SREL Reprint #0521

 

 

 

Morphological Characterizations of Two Populations of Feral Swine

I. Lehr Brisbin, Jr., Richard A. Geiger, H. B. Graves, John E. Pinder, III, James M. Sweeney and John R. Sweeney

 

Abstract

Morphology of feral swine was compared between an island population (OIP) and a mainland population (SRP) in the southeastern United States.  The two populations differed in the amount of time that they had existed in the feral state; OIP was essentially free from the influences of domestication for several hundred years, while SRP was feral approximately 20 years.  SRP pigs were significantly heavier and had greater total body lengths than OIP pigs, but no significant differences in total body lengths or weights were noted between differences in total body lengths or weights were noted between sexes within either population.  A discriminant function analysis was used to test for significant differences between populations with respect to various body measurements, which were normalized for differences in total body length.  Only shoulder height contributed a meaningful proportion of the total variation of the discriminant function for differences between populations.  The discriminant function for differences due to sex within populations was not significant.  Flank and spinal hair lengths were significantly greater in the OIP pigs, but exhibited no sexual dimorphism within either population.  The frequency distribution of various color phenotypes was significantly different distribution of various color phenotypes was significantly different between populations, with differences largely attributable to a marked reduction in the frequency of the rarer phenotypes (particularly white) in the OIP.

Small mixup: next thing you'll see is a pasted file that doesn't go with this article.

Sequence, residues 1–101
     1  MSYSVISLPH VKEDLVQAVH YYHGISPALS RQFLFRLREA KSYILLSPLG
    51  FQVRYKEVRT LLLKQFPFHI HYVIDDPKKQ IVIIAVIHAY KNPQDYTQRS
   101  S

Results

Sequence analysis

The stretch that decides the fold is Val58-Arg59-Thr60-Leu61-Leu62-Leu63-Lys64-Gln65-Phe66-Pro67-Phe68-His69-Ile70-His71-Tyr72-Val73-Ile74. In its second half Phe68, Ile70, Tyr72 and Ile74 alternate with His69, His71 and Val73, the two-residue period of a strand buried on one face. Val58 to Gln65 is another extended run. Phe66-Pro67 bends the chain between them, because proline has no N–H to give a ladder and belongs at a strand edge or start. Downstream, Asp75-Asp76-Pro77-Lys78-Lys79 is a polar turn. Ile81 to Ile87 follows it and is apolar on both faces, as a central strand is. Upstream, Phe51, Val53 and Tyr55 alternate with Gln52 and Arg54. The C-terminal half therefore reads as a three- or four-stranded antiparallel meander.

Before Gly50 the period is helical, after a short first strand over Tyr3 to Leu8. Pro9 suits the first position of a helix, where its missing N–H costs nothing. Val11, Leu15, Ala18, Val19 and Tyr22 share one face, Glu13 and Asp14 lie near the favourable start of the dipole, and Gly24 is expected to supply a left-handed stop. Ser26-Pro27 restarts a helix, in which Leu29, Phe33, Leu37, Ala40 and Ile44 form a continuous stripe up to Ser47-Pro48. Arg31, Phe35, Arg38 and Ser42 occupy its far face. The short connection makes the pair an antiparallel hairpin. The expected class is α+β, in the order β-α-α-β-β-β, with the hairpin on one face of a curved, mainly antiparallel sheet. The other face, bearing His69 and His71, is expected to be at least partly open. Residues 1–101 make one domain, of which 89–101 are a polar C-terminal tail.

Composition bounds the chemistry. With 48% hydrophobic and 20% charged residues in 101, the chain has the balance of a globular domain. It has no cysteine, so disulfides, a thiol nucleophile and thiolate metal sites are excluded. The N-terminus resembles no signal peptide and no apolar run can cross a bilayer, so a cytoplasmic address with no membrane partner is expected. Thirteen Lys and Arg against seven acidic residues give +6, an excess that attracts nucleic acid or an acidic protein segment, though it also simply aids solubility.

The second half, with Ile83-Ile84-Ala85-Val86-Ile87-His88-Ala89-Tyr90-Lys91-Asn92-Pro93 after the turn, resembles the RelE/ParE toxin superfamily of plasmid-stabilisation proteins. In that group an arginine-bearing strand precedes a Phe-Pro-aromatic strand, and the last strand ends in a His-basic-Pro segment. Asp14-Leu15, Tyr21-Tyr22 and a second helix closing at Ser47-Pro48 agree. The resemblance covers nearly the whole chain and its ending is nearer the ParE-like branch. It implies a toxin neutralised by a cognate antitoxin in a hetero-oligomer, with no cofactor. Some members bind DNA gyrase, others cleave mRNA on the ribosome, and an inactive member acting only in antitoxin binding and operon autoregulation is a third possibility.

SREL Reprint #0521

Brisbin, I.L., Jr., R.A. Geiger, H.B. Graves, J.E. Pinder III, J.M. Sweeney, and J.R. Sweeney. 1977. Morphological characterizations of two populations of feral swine. Acta Theriologica 22:75-85.

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